In the name of fairness, the sound files in the following tests are available for download in all essential formats on Internet Archive.
For this test, the files that follow contain a wide variety of different sounds coming from several instruments, including percussion instruments, contrabass, and vocals.
We downloaded files of the highest quality possible, such as FLAC (Free Lossless Audio Codec) files, as well as Mp3 files of varying bitrates (VBR) of 128 and 320 kbps.
Next, we downloaded a file using Ogg Vorbis at 96/128kbps, which is the usual format for Spotify. Additionally, it also serves as the default bitrate in the free version of the music service. That said, we subjected all of those files to spectrometric analysis.
Since FLAC files can't be played online through our browser and guide, we had to convert them to WAV. Despite that, the difference in audio quality is virtually non-existent, since WAV files contain unprocessed and usually uncompressed sound.
We used the free MediaHuman Audio Converter for the conversion process.
The spectrometric analysis
We analyzed the sound spectrum using Spek, which is a straightforward, light program that virtually anyone can easily use. Therefore, you can use it to test any files you wish so that you can make sure you haven't fallen victim to the upsampling scam.
With this in mind, you'd only need to run Spek and go to "File> Open," locating the file that you want to test somewhere on your hard drives.
For the sake of having a complete picture, the figures below are useful for approximating audio file sizes.
- 11kHz = 64Kbps
- 16kHz = 128Kbps
- 19khz = 192Kbps
- 20khz / 22khz = 256Kbps / 320Kbps
The graphs and the frequencies between 16kHz and 24kHz show that we're dealing with a sound spectrum that does confirm the high, but also the low audio qualities in the files that follow.
With this in mind, you will find the results of the spectrometric analysis below.
WAV 16-bit and 24-bit:
Ogg Vorbis 96-128Kbps:
Can you tell the difference in audio quality?
The first test is comprised of three files in total, meaning the two MP3s of 128 and 320 kbps, as well as the Ogg Vorbis.
You only need to press "Play" for the file to start playing so you can see if you can tell which is the higher quality file, which would be the MP3 320kbps.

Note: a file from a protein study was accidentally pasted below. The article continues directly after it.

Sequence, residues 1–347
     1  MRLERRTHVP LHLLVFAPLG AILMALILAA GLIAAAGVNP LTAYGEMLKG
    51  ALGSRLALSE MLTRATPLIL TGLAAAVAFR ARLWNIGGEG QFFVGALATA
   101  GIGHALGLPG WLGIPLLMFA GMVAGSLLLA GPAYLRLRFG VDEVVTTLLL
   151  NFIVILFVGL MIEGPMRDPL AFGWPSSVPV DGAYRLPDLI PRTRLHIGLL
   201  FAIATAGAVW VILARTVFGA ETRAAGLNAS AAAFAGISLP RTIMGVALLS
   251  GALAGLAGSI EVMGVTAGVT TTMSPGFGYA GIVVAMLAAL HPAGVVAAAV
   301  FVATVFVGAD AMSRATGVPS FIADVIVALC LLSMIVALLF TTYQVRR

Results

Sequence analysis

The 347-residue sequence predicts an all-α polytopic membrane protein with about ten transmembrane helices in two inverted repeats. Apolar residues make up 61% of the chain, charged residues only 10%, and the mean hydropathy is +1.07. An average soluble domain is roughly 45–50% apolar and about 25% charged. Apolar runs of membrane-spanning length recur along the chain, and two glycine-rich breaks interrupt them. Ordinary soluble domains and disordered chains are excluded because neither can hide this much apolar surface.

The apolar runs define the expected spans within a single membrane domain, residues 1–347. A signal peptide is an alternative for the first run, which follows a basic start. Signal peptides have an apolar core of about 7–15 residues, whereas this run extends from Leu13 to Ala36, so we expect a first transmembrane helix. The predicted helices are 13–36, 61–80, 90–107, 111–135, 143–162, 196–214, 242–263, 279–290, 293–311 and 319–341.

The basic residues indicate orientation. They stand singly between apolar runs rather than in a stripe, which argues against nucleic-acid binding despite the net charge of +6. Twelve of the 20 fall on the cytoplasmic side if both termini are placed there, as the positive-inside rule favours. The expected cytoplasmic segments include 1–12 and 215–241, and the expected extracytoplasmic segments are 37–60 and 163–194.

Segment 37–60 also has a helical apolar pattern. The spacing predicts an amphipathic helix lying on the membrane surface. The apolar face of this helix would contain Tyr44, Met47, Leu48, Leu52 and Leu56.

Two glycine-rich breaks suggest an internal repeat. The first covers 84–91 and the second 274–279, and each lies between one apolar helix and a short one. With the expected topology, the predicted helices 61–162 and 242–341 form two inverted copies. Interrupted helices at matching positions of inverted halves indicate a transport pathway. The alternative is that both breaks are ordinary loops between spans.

You can also use temporary pauses to compare the files if you find it to be of any help.
As a final point, you will find the answers as to which file is of higher quality at the end of our guide. Play fair, listen carefully, and don't cheat!
1st Test: Which is the MP3 360kbps file?
2nd Test: Which is the WAV 16-bit file?
The following test contains the MP3 file at 320 kbps and the WAV 16-bit file at the higher quality of 1536kbps.
3rd Test: Which is the WAV 24-bit file?
As for the third test, we chose a different track which also has vocals. Also, we also went for the highest possible WAV quality at 24-bit, as well as an MP3 file at 320kbps.
Could you tell the difference?
Does the sound of an Mp3 128kbps file belong in the trash after all? And how different is it to the Mp3 320kbps files and the uncompressed WAV? In summary, you can find the correct answers below.
The correct answers
- Track 2 was the highest quality Mp3 and is encoded at 320kbps
- Track 1 is encoded at 128kbps
- Track 3 is an Ogg Vorbis file and is encoded at 96kbps
- Track 5 has the highest quality of audio encoding in WAV 16-bit
- Track 4 is encoded in Mp3 320kbps
- Track 6 has the highest sound quality with audio encoding in WAV.
- Track 7 is encoded in Mp3 320kbps
How did you do on those high frequencies?
If you have any questions, want to share your opinion on all things audio, or just want to let us know how you did on the tests and the "Mosquito" frequencies, feel free to leave a comment.